Related Posts with Thumbnails

Turn $50 a month into thousands in savings!

Fifty bucks doesn’t sound like much money in the grand scheme of things. So when I suggest that you cut back your spending so you can free up an extra $50, you’ll probably doubt it’s even worth it.
Saving money isn’t necessarily about the specific amount that you save, but what you can do with the money you save. Would you believe me if I told you that freeing up an extra $50 in your budget would allow you to potentially save thousands of dollars? It’s totally possible for those of us who are paying off a credit card balance.
Money savings example Pretend you have a $10,000 credit card balance with a 16% APR (an APR that’s just a little above the current average). The typical minimum payment for that balance would be 3% or $300. If you make just the minimum payment every month, it would take you 16 years and 9 months to completely repay your balance, assuming you make no additional charges to the account. By the time you pay off the balance, you’ll pay a total of $7,277.97 in interest. That’s almost 75% of the original balance.
If you could add an extra $50 to your payment, sending $350 every month instead of the minimum payment, you would pay off your balance in three years and pay just $2,459.99 in interest. Your $10,000 balance would be paid almost 14 years faster and you’d save almost $5,000 in interest.
Justification for paying more Many people pay the minimum not only because it’s easier, but also because it’s all they can afford. A $300 credit card monthly payment is pretty steep as it is. But do you really want to continue sending payments to that credit card issuer every month for the next almost seventeen years? A lot could happen in sixteen years that would affect your ability to pay off that credit card balance. Your interest rate might go up, your income could change, or you might take on new responsibilities that make it harder to pay off the balance. By making the sacrifice and paying the debt off sooner, you’re actually taking a big step to secure your financial future.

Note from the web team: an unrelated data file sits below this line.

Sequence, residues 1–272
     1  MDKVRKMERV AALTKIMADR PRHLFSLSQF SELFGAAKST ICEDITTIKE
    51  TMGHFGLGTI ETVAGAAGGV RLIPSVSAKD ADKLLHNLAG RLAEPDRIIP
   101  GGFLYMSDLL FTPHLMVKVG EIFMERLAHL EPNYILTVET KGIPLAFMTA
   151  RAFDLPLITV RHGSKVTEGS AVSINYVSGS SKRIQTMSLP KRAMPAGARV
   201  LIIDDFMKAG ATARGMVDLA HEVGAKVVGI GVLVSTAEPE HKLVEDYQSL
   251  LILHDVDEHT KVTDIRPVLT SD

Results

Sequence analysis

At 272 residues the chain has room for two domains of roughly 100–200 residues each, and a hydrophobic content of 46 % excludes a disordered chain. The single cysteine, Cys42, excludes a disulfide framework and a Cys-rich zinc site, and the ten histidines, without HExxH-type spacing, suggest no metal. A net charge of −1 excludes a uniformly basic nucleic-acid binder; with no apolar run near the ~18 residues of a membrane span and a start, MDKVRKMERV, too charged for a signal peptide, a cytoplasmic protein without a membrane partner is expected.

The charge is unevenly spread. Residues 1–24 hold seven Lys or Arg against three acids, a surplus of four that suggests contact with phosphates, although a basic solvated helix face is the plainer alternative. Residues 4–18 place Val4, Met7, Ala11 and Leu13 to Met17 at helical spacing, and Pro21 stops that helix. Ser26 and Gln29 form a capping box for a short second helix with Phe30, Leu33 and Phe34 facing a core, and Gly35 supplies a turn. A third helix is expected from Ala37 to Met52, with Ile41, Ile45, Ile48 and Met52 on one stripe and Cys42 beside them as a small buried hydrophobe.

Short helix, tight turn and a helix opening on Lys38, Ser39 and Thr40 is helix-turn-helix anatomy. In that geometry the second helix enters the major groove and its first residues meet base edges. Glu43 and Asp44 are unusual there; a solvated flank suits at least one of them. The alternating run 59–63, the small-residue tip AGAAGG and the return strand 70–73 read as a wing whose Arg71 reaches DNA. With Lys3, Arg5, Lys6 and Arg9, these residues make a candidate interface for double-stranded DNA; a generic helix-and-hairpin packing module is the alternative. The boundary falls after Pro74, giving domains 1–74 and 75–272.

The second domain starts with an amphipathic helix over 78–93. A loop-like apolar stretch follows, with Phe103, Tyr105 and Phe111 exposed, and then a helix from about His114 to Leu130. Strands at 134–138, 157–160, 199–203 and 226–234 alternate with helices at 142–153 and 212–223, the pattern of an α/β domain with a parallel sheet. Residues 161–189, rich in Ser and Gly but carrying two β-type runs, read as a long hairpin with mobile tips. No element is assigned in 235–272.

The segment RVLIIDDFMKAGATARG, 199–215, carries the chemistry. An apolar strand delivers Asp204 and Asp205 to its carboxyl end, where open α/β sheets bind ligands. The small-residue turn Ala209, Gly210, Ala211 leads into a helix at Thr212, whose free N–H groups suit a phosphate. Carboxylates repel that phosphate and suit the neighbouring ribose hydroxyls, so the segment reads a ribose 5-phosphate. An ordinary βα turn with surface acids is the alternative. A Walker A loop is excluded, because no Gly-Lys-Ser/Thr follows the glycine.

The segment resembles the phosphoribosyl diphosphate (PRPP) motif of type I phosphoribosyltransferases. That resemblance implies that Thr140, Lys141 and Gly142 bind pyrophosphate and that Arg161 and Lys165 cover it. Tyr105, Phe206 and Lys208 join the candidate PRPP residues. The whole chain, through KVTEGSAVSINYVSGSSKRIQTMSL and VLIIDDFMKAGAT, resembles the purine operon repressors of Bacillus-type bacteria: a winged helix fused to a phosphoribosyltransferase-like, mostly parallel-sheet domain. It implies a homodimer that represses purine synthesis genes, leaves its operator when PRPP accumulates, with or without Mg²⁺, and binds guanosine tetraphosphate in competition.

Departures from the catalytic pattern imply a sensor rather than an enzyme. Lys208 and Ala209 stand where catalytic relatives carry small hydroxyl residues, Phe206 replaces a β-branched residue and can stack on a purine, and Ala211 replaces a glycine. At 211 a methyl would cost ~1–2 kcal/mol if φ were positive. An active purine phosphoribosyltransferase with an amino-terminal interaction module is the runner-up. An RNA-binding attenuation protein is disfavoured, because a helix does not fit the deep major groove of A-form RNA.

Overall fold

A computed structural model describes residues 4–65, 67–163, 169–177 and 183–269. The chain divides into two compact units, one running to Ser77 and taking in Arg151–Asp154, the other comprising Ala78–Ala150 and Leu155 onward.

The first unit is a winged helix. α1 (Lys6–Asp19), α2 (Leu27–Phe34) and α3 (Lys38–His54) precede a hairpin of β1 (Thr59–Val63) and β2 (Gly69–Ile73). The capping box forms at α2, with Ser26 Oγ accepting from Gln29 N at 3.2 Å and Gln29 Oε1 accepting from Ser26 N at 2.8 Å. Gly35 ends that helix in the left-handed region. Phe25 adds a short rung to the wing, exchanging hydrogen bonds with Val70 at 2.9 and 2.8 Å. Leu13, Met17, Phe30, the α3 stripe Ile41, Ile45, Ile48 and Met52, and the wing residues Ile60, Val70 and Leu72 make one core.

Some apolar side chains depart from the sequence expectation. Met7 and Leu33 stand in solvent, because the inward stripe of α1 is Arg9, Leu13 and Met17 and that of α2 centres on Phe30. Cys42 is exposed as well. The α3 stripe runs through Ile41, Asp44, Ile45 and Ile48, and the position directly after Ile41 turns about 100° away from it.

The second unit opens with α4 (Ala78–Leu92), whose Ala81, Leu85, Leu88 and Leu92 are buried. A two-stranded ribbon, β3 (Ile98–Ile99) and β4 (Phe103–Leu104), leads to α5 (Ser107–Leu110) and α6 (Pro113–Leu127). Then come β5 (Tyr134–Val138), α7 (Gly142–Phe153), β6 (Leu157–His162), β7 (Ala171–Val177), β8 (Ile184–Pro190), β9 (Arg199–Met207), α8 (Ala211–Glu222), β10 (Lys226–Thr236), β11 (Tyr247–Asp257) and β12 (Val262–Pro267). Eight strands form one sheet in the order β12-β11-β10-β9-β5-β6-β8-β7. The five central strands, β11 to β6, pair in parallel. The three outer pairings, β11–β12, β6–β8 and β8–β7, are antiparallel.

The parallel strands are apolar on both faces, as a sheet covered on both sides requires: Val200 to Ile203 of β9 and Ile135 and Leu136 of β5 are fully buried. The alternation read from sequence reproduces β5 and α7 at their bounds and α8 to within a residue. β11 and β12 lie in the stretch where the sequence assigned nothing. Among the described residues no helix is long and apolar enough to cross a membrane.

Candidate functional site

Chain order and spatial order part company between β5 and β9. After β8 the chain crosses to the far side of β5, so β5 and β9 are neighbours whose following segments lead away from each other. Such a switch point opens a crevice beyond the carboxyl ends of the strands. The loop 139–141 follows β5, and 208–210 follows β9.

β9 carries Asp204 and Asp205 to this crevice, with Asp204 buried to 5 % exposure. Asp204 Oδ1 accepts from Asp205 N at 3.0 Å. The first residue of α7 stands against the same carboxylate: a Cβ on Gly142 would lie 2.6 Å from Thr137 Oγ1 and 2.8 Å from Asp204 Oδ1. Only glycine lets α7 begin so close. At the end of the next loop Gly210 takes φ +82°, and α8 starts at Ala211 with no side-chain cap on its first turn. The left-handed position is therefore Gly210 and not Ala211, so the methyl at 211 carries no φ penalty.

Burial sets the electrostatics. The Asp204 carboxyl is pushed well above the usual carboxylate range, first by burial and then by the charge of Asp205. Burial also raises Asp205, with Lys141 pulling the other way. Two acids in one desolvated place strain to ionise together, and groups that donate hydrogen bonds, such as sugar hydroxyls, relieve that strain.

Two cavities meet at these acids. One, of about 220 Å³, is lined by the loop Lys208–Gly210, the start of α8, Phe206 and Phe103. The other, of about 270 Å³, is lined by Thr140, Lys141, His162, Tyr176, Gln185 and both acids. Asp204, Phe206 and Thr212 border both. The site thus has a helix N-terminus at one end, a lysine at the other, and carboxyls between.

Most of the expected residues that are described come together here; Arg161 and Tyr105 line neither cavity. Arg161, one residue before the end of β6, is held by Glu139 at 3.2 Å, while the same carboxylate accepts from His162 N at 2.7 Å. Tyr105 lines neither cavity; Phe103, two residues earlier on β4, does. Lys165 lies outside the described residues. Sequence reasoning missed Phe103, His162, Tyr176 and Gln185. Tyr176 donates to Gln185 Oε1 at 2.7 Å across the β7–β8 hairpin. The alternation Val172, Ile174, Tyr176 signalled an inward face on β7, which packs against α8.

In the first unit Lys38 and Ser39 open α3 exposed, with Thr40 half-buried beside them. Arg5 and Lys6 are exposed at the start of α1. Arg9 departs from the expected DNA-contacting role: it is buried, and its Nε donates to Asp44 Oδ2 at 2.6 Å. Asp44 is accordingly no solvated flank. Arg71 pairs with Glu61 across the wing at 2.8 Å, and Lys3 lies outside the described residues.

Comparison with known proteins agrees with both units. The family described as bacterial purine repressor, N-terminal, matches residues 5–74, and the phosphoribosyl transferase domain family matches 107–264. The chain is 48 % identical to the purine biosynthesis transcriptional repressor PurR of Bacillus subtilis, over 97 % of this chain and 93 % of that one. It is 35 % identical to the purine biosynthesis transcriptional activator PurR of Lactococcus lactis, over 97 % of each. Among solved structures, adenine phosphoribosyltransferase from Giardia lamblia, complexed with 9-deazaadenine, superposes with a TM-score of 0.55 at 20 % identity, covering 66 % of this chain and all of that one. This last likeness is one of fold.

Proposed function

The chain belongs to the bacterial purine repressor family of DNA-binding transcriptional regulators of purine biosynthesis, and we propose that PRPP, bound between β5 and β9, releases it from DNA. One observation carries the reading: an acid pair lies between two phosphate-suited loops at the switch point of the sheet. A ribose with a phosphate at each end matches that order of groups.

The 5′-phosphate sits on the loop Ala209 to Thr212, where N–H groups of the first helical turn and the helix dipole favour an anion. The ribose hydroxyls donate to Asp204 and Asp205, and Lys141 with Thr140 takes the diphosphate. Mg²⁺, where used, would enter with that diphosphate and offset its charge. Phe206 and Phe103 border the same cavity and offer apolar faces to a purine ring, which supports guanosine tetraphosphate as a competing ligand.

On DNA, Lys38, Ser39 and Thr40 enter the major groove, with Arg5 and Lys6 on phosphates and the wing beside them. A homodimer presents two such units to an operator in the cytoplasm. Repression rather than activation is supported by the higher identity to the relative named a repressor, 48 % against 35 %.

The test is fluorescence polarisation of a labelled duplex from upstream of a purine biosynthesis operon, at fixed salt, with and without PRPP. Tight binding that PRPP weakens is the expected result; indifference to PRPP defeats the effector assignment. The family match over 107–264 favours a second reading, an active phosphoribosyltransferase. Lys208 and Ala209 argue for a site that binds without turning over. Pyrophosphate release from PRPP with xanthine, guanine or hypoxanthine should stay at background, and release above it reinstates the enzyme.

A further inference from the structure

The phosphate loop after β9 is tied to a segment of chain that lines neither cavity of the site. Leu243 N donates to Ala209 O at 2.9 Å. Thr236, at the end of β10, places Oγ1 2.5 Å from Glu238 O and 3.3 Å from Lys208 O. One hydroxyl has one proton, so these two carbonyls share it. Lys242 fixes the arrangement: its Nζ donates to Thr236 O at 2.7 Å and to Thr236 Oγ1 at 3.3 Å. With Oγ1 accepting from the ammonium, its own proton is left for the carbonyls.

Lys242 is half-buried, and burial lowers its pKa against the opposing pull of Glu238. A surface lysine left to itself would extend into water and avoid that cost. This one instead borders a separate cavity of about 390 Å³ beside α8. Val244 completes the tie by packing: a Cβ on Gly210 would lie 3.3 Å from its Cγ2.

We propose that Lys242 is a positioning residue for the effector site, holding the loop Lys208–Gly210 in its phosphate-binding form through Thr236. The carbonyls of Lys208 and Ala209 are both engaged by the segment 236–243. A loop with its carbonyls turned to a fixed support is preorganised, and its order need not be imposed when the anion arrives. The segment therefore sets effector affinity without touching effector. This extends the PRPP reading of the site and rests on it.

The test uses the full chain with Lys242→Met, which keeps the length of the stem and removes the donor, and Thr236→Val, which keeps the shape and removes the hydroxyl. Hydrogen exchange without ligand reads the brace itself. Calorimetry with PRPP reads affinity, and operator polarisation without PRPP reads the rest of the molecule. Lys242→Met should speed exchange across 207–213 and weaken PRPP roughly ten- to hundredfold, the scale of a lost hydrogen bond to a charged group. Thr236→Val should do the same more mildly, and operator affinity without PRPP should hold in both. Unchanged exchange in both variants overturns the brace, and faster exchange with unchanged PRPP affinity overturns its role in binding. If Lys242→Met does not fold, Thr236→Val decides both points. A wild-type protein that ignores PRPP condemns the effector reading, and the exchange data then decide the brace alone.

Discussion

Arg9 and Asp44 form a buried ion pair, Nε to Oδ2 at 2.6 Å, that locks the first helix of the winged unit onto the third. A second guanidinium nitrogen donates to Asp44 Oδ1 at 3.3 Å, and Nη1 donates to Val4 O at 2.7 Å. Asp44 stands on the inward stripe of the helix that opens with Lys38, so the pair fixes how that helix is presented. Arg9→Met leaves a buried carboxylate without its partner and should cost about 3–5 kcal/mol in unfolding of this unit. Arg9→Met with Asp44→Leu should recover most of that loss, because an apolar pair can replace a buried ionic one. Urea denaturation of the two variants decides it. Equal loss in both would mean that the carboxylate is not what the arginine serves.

Testing your own scenario This $10,000 example won’t apply to everyone. You might have a higher or lower balance. Or, you may have a different interest rate or minimum payment. You can do your own calculation using a credit card repayment calculator from CNN Money. The calculator lets you enter basic details about your debt – the balance, interest rate, and minimum payment. Then, you choose a repayment plan: minimum payment, fixed payments (where you’d add $50 or some other amount to your minimum payment), and a debt-free deadline which allows you to see the payment necessary to pay your account by a certain date. You can enter multiple accounts into the calculator, so you can create a repayment plan for several different credit cards, even if they have different balances, interest rates, and payments. The calculator will give you a detailed plan that lists the amount you should pay to each account each month until they’re all repaid. Whether you come up with $25, $50 or even $100, anything you can add to your monthly credit card payment will make a big difference in the time to repay and the interest you pay.
This is a guest post written by Eliza Collins, a professional writer specialized in the personal finance space. Eliza’s experience includes working for financial institutions, private debt relief companies as well as years of balancing the family budget. You can read more of her articles at the debt settlement blog.


Post a Comment